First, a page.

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How to Outsmart Seasonal Flu

How to Outsmart Seasonal Flu

With flu season soon to be in full swing and potentially stretching into May of next year, ATRIO Health Plans is working to increase everyone’s flu IQ so we all can outsmart this annual, uninvited visitor.

The seasonal flu – with symptoms including fever, sore throat, body ache, nasal congestion, stuffy nose, tiredness, and headache – can be more than just uncomfortable. It can be deadly. Not only does the flu land more than 200,000 Americans in the hospital each year, but it also claims thousands of lives annually.

On the flip side, the flu vaccine is credited with preventing about 67,000 hospitalizations last season, and – from 2005 through 2014 (the most recent statistics available) flu shots are said to have prevented over 40,000 deaths.

Which leads us to step one…

Get Vaccinated

There’s no question that getting the seasonal flu vaccine is the single, most effective means of avoiding influenza. In fact, a recent study concluded that the vaccine prevented some 67,000 flu-caused hospitalizations during the 2014 to 2015 influenza period. Additionally, although it’s possible to contract the flu despite having received the vaccine, flu symptoms will be measurably less severe than had you not received the vaccination.

So, specifically who should be sure to get a flu shot? According to the Centers for Disease Control and Prevention:

  • Everyone who is at least 6 months old should get a flu vaccine this season.
  • Getting vaccinated is especially important for those who are at high risk of developing serious complications—such as pneumonia—if they contract the flu. High-risk groups include:
    • People with asthma, diabetes, or chronic lung disease.
    • Pregnant women.
    • Those ages 65 and older; further, those in this group are advised to receive the high-dose flu shot, as it’s been proven to be more effective for adults in this age category.
    • Individuals who live with or care for others who are in a high-risk group.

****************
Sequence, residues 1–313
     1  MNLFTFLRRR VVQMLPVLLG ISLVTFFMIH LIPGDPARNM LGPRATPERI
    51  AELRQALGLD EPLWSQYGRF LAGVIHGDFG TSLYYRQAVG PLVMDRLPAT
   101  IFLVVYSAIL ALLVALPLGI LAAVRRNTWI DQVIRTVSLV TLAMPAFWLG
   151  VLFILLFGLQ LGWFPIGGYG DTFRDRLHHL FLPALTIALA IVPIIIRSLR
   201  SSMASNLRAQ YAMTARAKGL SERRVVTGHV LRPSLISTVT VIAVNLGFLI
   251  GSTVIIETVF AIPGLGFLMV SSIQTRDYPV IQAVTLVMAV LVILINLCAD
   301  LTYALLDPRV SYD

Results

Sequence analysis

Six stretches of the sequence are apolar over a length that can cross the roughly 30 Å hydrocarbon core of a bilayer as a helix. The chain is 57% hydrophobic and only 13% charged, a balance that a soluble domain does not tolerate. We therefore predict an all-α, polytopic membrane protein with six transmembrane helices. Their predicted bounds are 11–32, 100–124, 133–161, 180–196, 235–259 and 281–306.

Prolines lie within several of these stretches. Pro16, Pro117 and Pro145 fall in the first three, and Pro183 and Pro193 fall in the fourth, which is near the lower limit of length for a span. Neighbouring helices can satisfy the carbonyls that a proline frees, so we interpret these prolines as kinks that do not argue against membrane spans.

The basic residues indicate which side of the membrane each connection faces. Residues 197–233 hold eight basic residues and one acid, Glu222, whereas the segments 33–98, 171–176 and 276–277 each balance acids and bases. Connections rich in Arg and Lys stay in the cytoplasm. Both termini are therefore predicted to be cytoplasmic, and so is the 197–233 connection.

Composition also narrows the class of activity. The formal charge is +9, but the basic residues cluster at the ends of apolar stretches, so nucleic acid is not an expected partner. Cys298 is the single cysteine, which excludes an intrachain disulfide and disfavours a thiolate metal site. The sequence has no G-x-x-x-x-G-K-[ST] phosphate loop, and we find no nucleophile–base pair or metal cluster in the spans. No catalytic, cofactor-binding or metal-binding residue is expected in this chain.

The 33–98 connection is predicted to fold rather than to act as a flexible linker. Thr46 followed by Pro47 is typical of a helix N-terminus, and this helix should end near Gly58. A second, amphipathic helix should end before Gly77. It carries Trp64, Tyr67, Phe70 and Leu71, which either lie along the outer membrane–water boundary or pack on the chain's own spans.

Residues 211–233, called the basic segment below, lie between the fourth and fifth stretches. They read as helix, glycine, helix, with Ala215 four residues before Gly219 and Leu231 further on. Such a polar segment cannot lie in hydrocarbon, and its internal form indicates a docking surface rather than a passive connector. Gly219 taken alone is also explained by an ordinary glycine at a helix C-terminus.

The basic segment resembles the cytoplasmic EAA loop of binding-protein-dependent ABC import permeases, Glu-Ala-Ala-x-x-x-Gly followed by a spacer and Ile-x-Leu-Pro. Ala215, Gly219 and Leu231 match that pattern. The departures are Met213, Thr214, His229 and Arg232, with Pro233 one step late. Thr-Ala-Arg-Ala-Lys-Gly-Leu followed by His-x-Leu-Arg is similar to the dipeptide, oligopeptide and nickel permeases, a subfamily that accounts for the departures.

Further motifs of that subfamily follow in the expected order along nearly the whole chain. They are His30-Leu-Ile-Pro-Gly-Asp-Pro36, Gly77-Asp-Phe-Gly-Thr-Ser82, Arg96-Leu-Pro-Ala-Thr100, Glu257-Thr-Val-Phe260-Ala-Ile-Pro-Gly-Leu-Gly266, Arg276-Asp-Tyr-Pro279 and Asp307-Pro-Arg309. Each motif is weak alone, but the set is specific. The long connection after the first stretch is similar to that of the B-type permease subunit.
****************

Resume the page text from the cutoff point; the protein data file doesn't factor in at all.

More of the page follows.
Last year, the flu vaccine was available as an injection or in the form of a nasal spray. Because the nasal spray proved largely ineffective, it won’t be offered for the 2016–2017 flu season.

It’s equally important to know who should not receive a flu vaccine without first consulting their healthcare provider. This includes those who:

  • Are allergic to chicken eggs;
  • Have had a severe reaction to an influenza vaccination;
  • Are younger than 6-months old;
  • Currently have a moderate-to-serious illness accompanied by a fever;
  • Have a history of Guillain-Barre Syndrome that occurred after receiving the vaccine and who are not in a high-risk group.

An Ounce of Prevention

While getting a flu shot is the first and best line of defense, these steps also are recommended:

  • If someone has the flu, avoid contact, as that person is contagious for up to seven days after getting sick. Similarly, if you’re the flu sufferer, limit your contact with others as much as possible. Additionally, you shouldn’t return to work or otherwise be in public until you’ve been fever-free – without the aid of fever-reducing medicine – for 24 hours.
  • Cover your nose and mouth with a tissue when you cough or sneeze, and then discard the tissue.
  • Wash your hands frequently with soap and water. If soap and water aren’t available, use an alcohol-based hand-sanitizer.
  • Avoid touching your eyes, nose and mouth, as this is a prime means for germs to migrate and morph into the flu.

Sources:

http://www.cdc.gov/flu/

http://www.cdc.gov/flu/about/disease/us_flu-related_deaths.htm

https://www.cdc.gov/flu/consumer/vaccinations.htm

http://www.cdc.gov/flu/keyfacts.htm